Author: Kayleigh Fay

How UConn Fit into a Lifetime of Dance

When I was three years old, my grandparents bought a VHS of “Feet of Flames,” an Irish dance show. The first time I watched it I was mesmerized. By the 23rd time I asked for lessons, and my lifelong passion for Irish dance began. My competitive years have been comprised of highs and lows, but where it is somewhat atypical is that college has been its highest point. While many dancers find it difficult to continue dancing after high school, I have been able to continue to improve due to the support of my dance teachers, my UConn community, my family, and the opportunities that exist at UConn. I have been able achieve goals I had at one time given up on, and set new ones that I never before dreamed would be possible.

My senior year of high school I emailed the Gray School of Irish Dance to ask if I could train with them. I had not attended a dance class in four years, but they were happy to take me on as a student. One of their dancers who also attended UConn agreed to bring me with her to the studio and invited me to join UConn Irish, an on campus organization.

UConn Irish
UConn Irish

Upon joining, I was welcomed and essentially handed 35 new friends. UConn Irish members range from complete beginners to a mini-community of competitive dancers who are still actively training and support each other in the quest for practice space on campus. It is one of the most accepting clubs on campus and has been an integral part of my college experience. This year, I have the opportunity to help the club grow and develop as a Co-President and Co-Choreographer, and I could not be more excited.

The most surprising opportunity that I received while at UConn was the ability to focus my Honors Thesis around dance. Starting at Orientation, everyone Honors student hears about the giant paper they will have to write before the end of their senior year. Some upperclassmen truly enjoy the experience and are excited to tell you about their project, while others share horror stories. Regardless, the process of finding a mentor, completing a project, and writing upwards of 50 pages about it is quite intimidating. Last semester, I had the idea to tie my major in Nutritional Sciences and my passion together and teach Sports Nutrition classes at my dance studio. With the help of my advisors, Dr. Hedley Freake and Dr. Nancy Rodriguez, I applied for a grant from the Summer Undergraduate Research Fund (SURF) and received funding Continue reading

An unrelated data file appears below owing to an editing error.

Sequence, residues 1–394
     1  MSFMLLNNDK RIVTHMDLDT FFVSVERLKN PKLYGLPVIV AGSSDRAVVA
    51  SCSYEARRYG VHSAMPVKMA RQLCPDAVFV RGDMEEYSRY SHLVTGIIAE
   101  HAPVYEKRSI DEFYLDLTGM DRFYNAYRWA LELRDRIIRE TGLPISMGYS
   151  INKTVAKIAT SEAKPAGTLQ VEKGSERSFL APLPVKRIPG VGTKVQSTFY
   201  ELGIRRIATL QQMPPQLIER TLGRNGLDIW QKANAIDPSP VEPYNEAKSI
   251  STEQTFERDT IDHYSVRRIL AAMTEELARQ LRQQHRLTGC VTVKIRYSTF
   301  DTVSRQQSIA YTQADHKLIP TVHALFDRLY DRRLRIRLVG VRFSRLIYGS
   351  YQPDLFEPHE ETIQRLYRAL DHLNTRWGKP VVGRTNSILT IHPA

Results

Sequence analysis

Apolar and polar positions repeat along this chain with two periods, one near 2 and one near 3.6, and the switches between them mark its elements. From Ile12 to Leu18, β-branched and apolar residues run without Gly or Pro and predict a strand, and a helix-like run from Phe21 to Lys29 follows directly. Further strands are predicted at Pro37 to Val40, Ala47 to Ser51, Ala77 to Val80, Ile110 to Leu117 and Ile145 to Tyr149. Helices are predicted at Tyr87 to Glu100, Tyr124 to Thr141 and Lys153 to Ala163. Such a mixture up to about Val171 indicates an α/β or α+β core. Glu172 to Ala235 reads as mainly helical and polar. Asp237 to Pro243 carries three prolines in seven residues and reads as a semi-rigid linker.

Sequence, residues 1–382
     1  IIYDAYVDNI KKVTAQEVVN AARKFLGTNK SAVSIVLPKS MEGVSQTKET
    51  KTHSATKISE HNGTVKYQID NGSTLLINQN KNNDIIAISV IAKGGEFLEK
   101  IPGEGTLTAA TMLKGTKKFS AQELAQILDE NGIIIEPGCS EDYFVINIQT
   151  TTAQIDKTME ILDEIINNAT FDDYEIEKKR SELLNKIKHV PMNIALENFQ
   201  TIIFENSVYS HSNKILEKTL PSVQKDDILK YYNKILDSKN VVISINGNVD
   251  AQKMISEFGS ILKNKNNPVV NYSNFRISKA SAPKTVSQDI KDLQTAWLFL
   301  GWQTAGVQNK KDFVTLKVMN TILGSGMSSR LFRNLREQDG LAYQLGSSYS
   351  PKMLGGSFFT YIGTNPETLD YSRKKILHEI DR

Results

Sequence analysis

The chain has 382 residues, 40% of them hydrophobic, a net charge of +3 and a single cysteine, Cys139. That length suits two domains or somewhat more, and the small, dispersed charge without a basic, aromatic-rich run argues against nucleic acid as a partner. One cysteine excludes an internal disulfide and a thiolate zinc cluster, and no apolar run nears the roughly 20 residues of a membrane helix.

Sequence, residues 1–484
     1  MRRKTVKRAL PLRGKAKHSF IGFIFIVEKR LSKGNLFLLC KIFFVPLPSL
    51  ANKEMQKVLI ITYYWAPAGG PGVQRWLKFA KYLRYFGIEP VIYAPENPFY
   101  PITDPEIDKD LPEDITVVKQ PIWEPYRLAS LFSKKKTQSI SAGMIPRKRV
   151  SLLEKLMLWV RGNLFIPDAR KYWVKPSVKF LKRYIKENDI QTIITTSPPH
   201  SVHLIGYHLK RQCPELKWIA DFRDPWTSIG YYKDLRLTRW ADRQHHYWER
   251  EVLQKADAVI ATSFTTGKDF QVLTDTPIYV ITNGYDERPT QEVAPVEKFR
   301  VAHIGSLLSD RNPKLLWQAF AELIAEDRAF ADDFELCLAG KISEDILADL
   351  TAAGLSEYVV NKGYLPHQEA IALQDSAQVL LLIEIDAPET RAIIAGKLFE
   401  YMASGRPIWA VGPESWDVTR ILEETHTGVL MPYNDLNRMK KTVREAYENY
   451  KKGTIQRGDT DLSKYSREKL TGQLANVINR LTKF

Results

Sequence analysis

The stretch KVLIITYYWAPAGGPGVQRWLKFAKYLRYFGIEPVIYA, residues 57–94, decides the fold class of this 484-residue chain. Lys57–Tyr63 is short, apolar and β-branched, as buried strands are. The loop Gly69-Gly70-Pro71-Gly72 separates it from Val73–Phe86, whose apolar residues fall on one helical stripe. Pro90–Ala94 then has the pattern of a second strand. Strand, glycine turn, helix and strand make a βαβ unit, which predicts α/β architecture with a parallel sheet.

Exam Week Survival Guide

Right around the time of the first wave of midterms, you start to see a change on campus. Once fresh faces start to look tired and stressed, caffeine consumption goes through the roof, and late night orders to insomnia are at an all-time high as students try, through any means necessary, to prepare for their exams. Stress is a natural part of college and will likely continue to be a part of our lives after we graduate. It can push us to be more focused, work harder, and accomplish incredible things. Too much stress, however, can negatively impact academic performance, mental health, sleep patterns, immune function, and many other aspects physical health. Worrying about an exam is one thing, but when your stress levels spike to a nine out of ten for your first midterm and then stay at a nine until winter break, it becomes very likely that you’ll start to see some of these negative side effects. Studying is only a part of college, and it’s important to remember to enjoy your time here at UConn. So, on that note, here are some on-campus resources for stress management:

Yoga, Lyn Tally
Flickr: Lyn Tally
  1. The Relaxation Station.  Health Education offers a relaxation area that includes full body massagers, massaging back rests, and more. They also offer resources on how not to sweat the small stuff, such as aroma therapy and relax packs. Stop by Wilson Hall to visit the relaxation station.
  2. Special events. Also provided by the Health Education Office in Wilson arespecial events like free massages, pet therapy days, and progressive muscle relaxation workshops. Check out their calendar for more info.
  3. Clubs. There are plenty of clubs on campus that focus on activities that relieve stress including the Yoga Club, Knitting club, and the Stamina, Energy and Exercise Club. You can find more information on UConntact.
  4. Recreation. Exercise is a fantastic way to relieve stress. Student Recreation Services offers Intramurals, hiking and camping trips through UConn Outdoors, and Bodywise classes that include Yoga, Spinning, Cardio-Kick, Zumba, Pilates, and Stretch and Sculpt. Go to the Recreation website for more info.

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